Home > Community > Blogs > Logic Design > hug a money tree
Login with a Cadence account.
Not a member yet?
Create a permanent login account to make interactions with Cadence more conveniennt.

Register | Membership benefits
Get email delivery of the Logic Design blog (individual posts).


* Required Fields

Recipients email * (separate multiple addresses with commas)

Your name *

Your email *

Message *

Contact Us

* Required Fields
First Name *

Last Name *

Email *

Company / Institution *

Comments: *

Hug a Money Tree

Comments(0)Filed under: Logic Design, Green Electronics, low power design, IBM


If you watch TV here in the U.S., you've probably seen at least one of the commercials from IBM for their "go green" campaign.  There is a story thread that spans a few of these, here is part of it:





(if you can't see the above video, it's at http://www.youtube.com/watch?v=VSNFE6eUjfY)


If you can get past your admiration of the acting here, this does make a good point.  Reducing energy consumption is more than just a care-about for “tree huggers”, it is good for business in the long run.  It usually requires an up-front investment, but it is one that pays off.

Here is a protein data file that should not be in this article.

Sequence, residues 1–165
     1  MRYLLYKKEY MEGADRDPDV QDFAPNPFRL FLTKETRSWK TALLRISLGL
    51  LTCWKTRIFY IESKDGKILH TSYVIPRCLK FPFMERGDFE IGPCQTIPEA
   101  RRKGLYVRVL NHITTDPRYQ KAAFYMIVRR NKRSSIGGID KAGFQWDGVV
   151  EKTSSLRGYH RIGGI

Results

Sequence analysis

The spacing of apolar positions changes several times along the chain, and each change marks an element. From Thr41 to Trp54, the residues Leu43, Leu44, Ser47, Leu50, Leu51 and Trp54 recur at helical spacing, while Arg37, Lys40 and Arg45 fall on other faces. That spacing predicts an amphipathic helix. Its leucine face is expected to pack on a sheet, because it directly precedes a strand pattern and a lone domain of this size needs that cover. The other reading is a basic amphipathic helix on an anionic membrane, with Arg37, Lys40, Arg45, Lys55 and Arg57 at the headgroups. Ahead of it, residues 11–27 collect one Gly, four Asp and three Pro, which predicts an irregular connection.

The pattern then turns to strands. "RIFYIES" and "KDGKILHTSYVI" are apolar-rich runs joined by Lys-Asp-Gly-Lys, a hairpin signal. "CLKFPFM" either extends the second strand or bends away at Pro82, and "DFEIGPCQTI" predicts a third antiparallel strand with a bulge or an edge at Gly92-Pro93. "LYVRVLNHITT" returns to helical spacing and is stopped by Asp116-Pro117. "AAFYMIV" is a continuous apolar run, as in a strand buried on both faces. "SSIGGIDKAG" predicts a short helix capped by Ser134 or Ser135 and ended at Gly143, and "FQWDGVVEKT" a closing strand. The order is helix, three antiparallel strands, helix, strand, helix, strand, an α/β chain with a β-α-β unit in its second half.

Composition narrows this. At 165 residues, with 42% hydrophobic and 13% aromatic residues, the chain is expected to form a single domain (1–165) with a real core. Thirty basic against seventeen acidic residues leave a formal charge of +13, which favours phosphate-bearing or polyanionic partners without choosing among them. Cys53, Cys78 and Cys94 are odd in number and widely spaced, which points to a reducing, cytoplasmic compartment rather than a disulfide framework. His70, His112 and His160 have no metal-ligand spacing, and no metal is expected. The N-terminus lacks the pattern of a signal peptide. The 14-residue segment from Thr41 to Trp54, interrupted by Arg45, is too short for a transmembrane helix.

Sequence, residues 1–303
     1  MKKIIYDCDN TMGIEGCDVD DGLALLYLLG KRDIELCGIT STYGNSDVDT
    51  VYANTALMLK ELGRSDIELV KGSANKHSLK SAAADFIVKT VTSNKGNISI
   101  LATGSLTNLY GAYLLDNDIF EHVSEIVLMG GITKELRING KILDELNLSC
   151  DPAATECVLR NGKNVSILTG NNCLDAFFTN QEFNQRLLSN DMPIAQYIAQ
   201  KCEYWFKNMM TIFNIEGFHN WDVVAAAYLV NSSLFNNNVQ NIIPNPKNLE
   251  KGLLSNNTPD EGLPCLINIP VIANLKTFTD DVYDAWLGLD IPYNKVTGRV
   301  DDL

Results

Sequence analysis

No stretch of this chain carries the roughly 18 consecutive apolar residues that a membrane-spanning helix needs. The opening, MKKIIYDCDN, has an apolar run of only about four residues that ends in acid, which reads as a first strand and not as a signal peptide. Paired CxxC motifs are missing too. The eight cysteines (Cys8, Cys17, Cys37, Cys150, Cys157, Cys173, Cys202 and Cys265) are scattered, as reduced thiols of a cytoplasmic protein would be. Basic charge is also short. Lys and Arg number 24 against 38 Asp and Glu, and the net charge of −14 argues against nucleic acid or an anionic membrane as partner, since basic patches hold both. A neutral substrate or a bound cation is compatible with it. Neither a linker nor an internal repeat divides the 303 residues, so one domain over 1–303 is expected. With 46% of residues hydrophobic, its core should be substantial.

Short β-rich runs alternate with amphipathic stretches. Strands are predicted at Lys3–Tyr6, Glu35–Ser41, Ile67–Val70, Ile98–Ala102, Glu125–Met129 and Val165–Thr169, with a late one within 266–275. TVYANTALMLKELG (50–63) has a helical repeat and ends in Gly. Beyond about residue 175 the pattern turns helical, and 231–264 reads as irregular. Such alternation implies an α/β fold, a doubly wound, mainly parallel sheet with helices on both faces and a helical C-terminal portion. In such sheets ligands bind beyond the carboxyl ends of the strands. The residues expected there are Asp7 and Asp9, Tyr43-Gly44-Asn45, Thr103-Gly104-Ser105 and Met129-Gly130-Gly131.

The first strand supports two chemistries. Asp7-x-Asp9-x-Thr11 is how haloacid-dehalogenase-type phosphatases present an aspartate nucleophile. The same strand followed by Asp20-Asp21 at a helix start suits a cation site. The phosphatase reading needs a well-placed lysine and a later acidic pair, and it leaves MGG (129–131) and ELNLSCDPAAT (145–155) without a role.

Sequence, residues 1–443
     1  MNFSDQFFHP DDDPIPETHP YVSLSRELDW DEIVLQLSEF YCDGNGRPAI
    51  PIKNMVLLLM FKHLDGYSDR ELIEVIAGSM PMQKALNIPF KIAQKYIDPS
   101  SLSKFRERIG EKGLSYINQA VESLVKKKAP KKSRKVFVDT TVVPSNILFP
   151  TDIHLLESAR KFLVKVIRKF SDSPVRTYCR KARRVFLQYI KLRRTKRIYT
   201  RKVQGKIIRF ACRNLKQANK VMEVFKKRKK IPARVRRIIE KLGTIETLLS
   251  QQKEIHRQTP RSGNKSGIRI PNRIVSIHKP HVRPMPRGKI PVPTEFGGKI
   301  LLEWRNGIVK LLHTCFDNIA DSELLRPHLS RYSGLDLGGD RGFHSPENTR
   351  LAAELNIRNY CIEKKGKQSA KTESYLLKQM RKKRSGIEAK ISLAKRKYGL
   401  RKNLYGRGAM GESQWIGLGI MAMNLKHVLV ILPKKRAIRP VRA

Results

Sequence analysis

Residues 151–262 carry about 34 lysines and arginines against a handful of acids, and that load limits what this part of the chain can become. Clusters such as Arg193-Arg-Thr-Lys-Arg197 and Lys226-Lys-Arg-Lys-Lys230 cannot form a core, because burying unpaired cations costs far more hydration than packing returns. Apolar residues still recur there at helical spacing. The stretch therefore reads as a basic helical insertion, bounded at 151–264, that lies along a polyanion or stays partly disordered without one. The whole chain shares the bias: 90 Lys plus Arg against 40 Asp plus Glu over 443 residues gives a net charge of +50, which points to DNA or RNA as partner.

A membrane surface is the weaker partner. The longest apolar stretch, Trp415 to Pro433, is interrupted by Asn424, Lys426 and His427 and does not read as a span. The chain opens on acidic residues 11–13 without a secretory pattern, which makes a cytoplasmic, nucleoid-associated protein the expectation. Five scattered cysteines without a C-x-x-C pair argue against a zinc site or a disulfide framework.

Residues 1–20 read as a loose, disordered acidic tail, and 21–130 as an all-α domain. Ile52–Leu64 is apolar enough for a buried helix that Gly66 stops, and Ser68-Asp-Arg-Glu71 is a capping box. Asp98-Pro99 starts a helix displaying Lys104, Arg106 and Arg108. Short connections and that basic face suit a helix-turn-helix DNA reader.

This also applies in chip design.  Using techniques to reduce power may cost you up-front in terms of schedule – you have to figure out your power architecture, take it into account during synthesis and implementation, and of course verify it all the way through the flow – but it pays off.  That payoff can take different forms.  Maybe you can use a cheaper package.  Or not need to use an expensive heat removal device.  Or maybe it just makes your product more competitive or cost-effective for customers, winning you business.  Even that Brian Dennehy-wannabe boss in the commercial starts to see the benefits.  After all, he may not care about hugging trees, but if those trees have money on them he’ll see them in a new light.  


Leave a Comment

E-mail (will not be published)
 I have read and agree to the Terms of use and Community Guidelines.
Community Guidelines
The Cadence Design Communities support Cadence users and technologists interacting to exchange ideas, news, technical information, and best practices to solve problems and get the most from Cadence technology. The community is open to everyone, and to provide the most value, we require participants to follow our Community Guidelines that facilitate a quality exchange of ideas and information. By accessing, contributing, using or downloading any materials from the site, you agree to be bound by the full Community Guidelines.